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Re: new functional operator
*To*: mathgroup at smc.vnet.net
*Subject*: [mg125645] Re: new functional operator
*From*: Ray Koopman <koopman at sfu.ca>
*Date*: Sun, 25 Mar 2012 00:15:20 -0500 (EST)
*Delivered-to*: l-mathgroup@mail-archive0.wolfram.com
*References*: <jjfd6e$7u7$1@smc.vnet.net> <jjpakk$ov1$1@smc.vnet.net> <jkjrn9$43h$1@smc.vnet.net>
I vote for
g /@ f /@ {1, 2, 3, 4}
It's cleaner.
On Mar 24, 12:05 am, DrMajorBob <btre... at austin.rr.com> wrote:
> I'd still have to go with
>
> Composition[g, f] /@ {1, 2, 3, 4}
>
> It's fewer keystrokes and emphasizes that you're composing one function
> with another, and it's not hard to the right to left convention we've
> ALWAYS used in math.
>
> Bobby
>
> On Wed, 21 Mar 2012 17:53:12 -0500, Barrie Stokes
>
> <Barrie.Sto... at newcastle.edu.au> wrote:
>> Hi Bobby
>>
>> I agree with your sentiments. The folk who like {1, 2, 3, 4} // f /@ #
>> & // g /@ # & are those who regret the passing of assembly coding by
>> hand, which opened up programming to the great unwashed.
>>
>> Of course it can be immeasurably improved by the addition of some more
>> characters, to wit:
>>
>> {1, 2, 3, 4} // (f /@ # & ) // (g /@ # &)
>>
>> But, what about my favourite?
>>
>> Map[ (s \[Function] g[ f[ s ] ]), {1, 2, 3, 4} ]
>>
>> Or, somewhat less attractive IMHO,
>>
>> (s \[Function] g[ f[ s ] ]) /@ {1, 2, 3, 4}.
>>
>> I like (s \[Function] g[ f[ s ] ]) because to me it is intuitive, to
>> use your word. I don't have to recall the way Composition[ ] works, I
>> just have to know what g( f( x ) ) means in mathematics, and the
>> \[Function] arrow is at least more suggestive to me of its
>> meaning/effect than such as // or /@ or @@ or @@@, etc. I can at least
>> suspect that \[Function] means "goes to" or "becomes".
>>
>> Barrie
>>
>> PS
>> I've enjoyed this thread, MathGroup!
>>
>>>>> On 21/03/2012 at 9:46 pm, in message
>>>>> <201203211046.FAA27... at smc.vnet.net>,
>> DrMajorBob <btre... at austin.rr.com> wrote:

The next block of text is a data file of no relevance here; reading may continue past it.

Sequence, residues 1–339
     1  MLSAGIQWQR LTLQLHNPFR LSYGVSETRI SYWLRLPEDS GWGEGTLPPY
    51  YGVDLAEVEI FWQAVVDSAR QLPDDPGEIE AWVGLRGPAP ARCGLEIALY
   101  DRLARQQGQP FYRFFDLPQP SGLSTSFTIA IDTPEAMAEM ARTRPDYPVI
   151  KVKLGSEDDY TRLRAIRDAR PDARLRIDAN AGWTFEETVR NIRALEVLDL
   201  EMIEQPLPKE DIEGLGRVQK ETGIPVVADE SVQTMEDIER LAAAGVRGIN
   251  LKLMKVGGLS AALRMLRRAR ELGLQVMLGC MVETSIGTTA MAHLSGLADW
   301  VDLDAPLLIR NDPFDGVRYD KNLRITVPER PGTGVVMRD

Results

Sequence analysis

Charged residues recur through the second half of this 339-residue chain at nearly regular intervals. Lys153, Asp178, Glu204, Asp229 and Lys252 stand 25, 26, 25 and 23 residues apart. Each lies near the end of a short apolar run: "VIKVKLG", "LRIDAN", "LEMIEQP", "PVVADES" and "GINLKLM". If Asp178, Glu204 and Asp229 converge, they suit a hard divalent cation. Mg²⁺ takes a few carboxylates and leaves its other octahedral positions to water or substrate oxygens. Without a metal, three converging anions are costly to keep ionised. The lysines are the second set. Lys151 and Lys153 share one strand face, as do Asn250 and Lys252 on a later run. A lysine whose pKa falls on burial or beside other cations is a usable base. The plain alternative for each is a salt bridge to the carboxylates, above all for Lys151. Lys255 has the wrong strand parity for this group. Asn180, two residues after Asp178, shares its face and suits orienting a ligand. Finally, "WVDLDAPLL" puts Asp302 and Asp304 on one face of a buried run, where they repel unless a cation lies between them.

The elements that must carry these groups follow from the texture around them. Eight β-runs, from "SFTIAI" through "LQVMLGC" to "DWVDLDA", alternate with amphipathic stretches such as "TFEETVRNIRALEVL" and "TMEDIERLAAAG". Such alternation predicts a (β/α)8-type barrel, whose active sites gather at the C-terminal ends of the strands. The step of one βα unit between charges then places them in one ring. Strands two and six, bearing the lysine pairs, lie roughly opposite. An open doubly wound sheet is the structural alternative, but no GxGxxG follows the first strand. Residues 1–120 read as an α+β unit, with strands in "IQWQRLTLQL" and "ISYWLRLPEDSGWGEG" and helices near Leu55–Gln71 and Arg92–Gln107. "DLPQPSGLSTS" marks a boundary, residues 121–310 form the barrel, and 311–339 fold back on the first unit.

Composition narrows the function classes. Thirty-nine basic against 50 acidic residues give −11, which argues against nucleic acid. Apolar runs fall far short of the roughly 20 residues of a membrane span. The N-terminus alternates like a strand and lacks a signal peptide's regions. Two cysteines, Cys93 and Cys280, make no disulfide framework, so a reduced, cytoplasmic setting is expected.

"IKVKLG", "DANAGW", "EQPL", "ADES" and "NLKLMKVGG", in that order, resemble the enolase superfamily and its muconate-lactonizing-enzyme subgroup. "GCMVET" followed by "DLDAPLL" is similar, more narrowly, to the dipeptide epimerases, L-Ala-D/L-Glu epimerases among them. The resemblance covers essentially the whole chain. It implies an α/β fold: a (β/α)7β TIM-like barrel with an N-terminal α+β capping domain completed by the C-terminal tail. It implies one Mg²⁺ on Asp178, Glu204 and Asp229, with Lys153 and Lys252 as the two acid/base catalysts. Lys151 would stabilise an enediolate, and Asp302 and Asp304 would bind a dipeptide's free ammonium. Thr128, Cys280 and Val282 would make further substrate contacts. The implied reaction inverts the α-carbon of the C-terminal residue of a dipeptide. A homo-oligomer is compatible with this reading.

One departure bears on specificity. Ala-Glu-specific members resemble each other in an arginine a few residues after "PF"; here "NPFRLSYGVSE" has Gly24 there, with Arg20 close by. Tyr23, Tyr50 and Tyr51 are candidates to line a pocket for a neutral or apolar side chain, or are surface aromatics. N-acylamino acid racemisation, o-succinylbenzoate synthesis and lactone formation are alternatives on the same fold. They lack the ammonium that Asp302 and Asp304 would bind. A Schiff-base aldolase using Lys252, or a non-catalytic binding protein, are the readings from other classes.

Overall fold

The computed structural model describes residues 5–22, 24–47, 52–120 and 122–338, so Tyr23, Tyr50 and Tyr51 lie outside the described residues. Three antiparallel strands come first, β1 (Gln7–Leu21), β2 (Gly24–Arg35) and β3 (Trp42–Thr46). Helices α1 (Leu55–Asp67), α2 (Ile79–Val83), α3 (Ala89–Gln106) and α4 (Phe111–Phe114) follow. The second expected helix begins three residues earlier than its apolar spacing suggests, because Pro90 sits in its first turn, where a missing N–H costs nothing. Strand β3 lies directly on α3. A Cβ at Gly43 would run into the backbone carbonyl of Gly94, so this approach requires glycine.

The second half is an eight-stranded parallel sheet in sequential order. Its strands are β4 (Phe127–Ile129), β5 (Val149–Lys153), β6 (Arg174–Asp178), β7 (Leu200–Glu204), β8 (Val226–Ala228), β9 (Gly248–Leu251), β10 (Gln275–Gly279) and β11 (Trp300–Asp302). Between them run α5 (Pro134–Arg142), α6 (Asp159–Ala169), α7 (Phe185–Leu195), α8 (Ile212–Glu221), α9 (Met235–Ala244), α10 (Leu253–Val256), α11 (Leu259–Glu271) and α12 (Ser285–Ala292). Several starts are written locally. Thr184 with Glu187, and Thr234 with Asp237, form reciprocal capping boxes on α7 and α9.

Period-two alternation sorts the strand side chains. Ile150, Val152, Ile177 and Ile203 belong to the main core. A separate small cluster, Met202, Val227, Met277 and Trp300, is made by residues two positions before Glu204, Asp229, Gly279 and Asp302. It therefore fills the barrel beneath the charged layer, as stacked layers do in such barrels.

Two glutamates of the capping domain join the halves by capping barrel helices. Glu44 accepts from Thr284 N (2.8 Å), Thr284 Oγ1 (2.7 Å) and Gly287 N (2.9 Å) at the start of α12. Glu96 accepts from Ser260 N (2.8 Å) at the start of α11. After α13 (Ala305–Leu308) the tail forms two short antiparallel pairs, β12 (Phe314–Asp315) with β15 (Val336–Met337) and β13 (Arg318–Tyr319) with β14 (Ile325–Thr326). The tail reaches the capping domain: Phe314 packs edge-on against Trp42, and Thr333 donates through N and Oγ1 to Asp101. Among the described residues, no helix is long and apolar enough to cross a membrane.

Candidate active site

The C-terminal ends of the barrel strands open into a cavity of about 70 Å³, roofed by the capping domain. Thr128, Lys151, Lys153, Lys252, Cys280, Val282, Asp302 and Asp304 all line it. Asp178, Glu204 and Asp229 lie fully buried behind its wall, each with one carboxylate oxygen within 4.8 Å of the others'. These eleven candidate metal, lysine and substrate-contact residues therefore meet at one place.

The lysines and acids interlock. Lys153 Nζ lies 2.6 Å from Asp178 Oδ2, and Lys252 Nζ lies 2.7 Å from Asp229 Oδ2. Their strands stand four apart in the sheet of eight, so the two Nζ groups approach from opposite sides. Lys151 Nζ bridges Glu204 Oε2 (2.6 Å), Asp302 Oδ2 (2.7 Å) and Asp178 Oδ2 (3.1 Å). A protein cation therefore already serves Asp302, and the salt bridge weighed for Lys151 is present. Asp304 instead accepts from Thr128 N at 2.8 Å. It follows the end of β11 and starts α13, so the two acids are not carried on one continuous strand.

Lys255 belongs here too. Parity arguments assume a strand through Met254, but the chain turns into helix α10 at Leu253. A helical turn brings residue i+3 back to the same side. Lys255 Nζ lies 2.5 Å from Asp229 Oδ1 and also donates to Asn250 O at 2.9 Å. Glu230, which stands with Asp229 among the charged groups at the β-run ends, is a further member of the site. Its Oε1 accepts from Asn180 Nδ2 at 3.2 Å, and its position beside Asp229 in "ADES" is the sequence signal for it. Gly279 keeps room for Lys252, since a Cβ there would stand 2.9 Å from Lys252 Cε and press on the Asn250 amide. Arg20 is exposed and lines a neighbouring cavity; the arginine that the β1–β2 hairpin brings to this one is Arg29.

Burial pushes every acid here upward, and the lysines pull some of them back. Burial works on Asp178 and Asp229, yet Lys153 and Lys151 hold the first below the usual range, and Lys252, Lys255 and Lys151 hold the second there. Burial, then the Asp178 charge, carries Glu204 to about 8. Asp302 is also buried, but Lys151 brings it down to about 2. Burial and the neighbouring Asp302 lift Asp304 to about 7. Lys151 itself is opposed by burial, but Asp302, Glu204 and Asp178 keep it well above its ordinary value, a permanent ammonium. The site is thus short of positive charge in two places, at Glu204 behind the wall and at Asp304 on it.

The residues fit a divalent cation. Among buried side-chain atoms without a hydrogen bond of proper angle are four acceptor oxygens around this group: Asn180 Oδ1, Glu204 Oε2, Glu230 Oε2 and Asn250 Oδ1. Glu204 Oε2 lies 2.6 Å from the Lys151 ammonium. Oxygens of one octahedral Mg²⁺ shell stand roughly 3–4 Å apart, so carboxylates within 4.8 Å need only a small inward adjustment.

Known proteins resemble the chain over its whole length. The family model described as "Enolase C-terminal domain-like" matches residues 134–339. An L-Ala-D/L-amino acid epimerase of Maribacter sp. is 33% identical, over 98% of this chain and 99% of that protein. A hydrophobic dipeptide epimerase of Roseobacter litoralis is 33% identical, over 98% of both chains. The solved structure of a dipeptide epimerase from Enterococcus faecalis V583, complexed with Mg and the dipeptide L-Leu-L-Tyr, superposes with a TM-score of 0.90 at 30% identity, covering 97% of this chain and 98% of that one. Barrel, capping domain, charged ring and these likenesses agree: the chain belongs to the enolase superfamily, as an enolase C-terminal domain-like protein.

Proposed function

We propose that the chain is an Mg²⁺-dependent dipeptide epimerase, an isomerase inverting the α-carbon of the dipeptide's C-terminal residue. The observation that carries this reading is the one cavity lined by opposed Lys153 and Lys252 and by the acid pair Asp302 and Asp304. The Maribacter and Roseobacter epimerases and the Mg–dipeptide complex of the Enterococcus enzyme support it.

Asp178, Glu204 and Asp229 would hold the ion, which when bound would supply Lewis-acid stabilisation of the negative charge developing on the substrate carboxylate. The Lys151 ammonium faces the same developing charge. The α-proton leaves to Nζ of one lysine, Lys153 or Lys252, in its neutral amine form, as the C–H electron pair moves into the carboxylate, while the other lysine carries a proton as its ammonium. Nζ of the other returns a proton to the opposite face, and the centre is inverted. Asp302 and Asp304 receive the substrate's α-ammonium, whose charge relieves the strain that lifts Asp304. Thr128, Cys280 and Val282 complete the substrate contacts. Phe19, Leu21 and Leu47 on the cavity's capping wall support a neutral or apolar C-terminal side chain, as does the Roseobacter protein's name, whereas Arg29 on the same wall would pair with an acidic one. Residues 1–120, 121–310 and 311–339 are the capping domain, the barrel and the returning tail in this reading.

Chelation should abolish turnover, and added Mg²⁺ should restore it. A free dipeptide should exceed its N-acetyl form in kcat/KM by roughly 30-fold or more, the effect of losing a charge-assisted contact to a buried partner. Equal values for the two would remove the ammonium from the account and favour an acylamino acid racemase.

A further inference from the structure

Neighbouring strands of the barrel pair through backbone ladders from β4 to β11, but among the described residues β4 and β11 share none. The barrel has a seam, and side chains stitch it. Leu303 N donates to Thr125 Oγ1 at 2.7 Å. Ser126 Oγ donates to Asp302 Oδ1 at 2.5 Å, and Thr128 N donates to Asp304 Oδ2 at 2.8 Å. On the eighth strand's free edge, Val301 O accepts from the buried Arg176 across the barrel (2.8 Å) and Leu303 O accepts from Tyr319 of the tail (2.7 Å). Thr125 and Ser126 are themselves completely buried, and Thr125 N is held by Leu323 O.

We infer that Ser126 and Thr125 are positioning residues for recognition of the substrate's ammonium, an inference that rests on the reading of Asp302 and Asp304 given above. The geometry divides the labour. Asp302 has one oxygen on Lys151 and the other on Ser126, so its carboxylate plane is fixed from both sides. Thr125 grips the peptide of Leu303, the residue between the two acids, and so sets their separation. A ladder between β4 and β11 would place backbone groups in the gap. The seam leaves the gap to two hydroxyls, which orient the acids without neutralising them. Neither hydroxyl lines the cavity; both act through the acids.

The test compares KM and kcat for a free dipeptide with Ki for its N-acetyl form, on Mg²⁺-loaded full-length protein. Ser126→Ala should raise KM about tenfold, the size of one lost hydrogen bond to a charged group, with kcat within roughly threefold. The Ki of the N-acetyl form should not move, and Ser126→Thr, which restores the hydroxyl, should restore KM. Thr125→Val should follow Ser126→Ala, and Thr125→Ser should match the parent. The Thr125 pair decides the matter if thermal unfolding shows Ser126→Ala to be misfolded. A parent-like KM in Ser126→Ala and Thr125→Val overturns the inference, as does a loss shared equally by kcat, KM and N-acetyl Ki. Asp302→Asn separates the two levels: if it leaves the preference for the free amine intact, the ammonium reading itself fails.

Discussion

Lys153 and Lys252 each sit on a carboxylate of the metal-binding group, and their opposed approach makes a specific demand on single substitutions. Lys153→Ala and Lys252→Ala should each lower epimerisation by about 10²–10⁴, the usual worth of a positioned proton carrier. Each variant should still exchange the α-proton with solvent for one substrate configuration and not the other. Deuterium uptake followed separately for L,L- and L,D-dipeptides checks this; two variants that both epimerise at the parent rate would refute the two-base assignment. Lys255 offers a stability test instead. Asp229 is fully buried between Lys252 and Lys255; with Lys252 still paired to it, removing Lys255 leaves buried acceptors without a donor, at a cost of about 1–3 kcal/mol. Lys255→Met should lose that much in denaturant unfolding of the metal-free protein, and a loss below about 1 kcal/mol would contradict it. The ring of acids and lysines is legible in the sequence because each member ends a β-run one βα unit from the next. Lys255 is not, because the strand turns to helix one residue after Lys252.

>>> Here SIX several equivalent expressions from (IMHO) most intuitive or
>>> readable to least:
>>>
>>> Composition[g, f] /@ {1, 2, 3, 4}
>>>
>>> {g[f[1]], g[f[2]], g[f[3]], g[f[4]]}
>>>
>>> g /@ f /@ {1, 2, 3, 4}
>>>
>>> {g[f[1]], g[f[2]], g[f[3]], g[f[4]]}
>>>
>>> Apply[Composition, {g, f}] /@ {1, 2, 3, 4}
>>>
>>> {g[f[1]], g[f[2]], g[f[3]], g[f[4]]}
>>>
>>> g@f@# & /@ {1, 2, 3, 4}
>>>
>>> {g[f[1]], g[f[2]], g[f[3]], g[f[4]]}
>>>
>>> Compose[g, f@#] & /@ {1, 2, 3, 4}
>>>
>>> {g[f[1]], g[f[2]], g[f[3]], g[f[4]]}
>>>
>>> {1, 2, 3, 4} // f /@ # & // g /@ # &
>>>
>>> {g[f[1]], g[f[2]], g[f[3]], g[f[4]]}
>>>
>>> The last is truly awful.
>>>
>>> Bobby
>>>
>>> On Tue, 20 Mar 2012 02:18:47 -0500, roby <roby.no... at gmail.com> wrote:
>>>
>>>>> That creates a information fog that makes *all* Mathematica code
>>>>> harder
>>>>> to understand, and Mathematica much harder to learn than it used to
>>>>> be.
>>>>
>>>> {1, 2, 3, 4} /// f///g
>>>>
>>>>> {1, 2, 3, 4} // f /@ # & // g /@ # &
>>>>
>>>> sorry but I absolutly can't agree with your opinion in this case, the
>>>> former expression is more or less fogless and would be much easier to
>>>> understand.
>>>> The latter expression bears a lot of clutter.
>
>>>> Robert
>
> --
> DrMajor... at yahoo.com
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